WASHINGTON (AP) — In an abysmal showing, only about one-quarter of U.S. high school seniors performed solidly in math in a major assessment known as the nation's report card, reinforcing concerns that large numbers of students are unprepared for either college or the workplace.
In reading, almost 4 in 10 students reached the "proficient" level or higher.
In both subjects on the 2013 exam there was little change from 2009, when the National Assessment of Educational Progress was last given to 12th-graders. The results, released Wednesday, come from a representative sample of 92,000 public and private school students.
The stagnation is "unacceptable," said David Driscoll, chairman of the National Assessment Governing Board, which sets policy for the exam.
"Achievement at this very critical point in a student's life must be improved to ensure success after high school," Driscoll said.
The results follow the just-released and seemingly more encouraging research that U.S. high school graduation rates in 2012 reached 80 percent, a record.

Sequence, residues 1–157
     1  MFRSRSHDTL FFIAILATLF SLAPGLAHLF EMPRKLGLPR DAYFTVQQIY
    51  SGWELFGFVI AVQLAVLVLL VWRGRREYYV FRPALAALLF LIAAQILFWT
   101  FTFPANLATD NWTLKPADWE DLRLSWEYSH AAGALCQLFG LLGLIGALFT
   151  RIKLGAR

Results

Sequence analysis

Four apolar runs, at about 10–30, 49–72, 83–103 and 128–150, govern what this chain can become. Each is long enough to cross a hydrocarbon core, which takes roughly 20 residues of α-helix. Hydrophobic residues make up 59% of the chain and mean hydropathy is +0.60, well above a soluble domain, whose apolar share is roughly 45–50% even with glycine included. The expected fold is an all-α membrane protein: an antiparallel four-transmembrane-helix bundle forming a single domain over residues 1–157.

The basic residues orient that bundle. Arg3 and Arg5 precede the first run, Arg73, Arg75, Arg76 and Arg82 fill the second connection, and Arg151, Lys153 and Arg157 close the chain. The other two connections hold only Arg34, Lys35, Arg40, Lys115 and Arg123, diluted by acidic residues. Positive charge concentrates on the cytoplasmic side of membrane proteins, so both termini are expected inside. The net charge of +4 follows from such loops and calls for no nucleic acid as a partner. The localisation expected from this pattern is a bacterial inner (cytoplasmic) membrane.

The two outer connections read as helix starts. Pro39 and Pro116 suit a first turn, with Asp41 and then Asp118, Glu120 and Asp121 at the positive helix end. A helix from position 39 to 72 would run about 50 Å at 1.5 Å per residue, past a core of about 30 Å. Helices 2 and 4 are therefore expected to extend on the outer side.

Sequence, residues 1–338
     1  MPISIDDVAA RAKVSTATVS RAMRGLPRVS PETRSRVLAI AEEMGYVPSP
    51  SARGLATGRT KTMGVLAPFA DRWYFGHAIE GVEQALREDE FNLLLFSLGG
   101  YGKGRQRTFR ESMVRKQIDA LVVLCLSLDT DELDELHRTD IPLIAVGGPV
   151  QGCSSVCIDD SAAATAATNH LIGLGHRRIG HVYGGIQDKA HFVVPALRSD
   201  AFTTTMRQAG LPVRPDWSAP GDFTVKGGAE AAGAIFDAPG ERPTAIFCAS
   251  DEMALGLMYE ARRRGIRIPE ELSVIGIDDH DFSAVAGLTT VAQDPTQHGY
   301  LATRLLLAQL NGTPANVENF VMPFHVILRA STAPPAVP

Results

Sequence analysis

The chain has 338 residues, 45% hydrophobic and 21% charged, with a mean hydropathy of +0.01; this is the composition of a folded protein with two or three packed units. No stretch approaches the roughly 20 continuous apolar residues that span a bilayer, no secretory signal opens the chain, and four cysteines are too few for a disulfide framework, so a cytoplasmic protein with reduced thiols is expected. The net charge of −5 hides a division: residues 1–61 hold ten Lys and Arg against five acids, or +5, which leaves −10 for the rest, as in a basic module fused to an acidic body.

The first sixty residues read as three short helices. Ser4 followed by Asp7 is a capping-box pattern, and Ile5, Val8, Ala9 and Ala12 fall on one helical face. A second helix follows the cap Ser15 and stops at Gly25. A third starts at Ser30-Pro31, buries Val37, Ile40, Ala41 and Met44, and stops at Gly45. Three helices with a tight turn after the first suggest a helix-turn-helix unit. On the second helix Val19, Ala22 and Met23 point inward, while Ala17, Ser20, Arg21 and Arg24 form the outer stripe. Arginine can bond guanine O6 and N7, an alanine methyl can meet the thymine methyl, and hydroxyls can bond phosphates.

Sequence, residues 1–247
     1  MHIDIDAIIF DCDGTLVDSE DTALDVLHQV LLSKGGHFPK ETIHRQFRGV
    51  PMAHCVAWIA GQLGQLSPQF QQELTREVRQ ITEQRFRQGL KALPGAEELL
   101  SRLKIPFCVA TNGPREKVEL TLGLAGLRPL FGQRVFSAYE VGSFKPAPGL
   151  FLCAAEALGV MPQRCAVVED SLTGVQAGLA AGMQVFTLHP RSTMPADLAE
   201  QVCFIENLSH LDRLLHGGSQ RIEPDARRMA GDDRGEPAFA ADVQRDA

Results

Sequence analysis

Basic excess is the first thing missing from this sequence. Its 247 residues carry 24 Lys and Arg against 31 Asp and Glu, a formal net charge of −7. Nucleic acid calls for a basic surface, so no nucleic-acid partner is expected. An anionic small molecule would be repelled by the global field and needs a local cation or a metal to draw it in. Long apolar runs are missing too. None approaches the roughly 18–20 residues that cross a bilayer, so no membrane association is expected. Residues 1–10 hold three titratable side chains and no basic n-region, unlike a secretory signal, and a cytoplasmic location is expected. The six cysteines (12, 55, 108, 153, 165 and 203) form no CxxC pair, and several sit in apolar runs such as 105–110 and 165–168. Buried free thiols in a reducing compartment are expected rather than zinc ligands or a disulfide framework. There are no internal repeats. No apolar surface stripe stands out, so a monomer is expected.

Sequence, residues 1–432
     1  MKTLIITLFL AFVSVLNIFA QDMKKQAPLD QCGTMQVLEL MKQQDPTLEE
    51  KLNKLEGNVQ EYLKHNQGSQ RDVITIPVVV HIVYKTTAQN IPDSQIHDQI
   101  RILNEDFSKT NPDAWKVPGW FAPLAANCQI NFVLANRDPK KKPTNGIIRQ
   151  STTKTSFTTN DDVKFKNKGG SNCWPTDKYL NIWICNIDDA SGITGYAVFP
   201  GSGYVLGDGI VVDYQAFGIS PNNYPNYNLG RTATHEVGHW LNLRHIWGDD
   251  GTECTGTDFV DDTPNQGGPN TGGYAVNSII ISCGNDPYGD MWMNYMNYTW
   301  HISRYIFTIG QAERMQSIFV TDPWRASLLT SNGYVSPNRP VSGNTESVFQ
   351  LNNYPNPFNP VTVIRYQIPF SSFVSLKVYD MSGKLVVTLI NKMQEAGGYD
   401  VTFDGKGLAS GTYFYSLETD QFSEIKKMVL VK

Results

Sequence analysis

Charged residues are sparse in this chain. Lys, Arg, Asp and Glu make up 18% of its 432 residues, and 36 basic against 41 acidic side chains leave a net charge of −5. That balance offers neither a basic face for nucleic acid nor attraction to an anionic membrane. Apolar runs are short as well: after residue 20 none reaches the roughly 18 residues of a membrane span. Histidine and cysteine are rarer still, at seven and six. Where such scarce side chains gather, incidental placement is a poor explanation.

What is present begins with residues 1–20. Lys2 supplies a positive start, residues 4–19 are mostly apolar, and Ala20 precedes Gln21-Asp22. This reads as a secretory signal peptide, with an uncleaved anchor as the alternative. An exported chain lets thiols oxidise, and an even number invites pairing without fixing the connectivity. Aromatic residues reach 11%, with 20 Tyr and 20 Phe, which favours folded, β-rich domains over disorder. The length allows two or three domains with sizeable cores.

John Easton, acting commissioner of the Education's Department's National Center for Education Statistics, said one possible reason was that lower-performing students who in the past would have dropped out remained in the sampling of students who took the exam.
In reading, the 38 percent share of students performing at or above proficient was lower than when the assessment was first given in 1992, when it was 40 percent. Scores have remained similar since 1994.
Past comparisons in math date only to 2005. Scores increased from 2005 to 2009.
The student participants' response to a survey about their educational experiences offers some clues to their performance.
Among the findings:
—Students who reported rarely or never discussing reading interpretations in class had average scores lower than those who did daily or almost daily.
—An overwhelming majority reported that reading is enjoyable. Students who strongly disagreed with the idea that reading is enjoyable had an average score much lower than those who strongly agreed.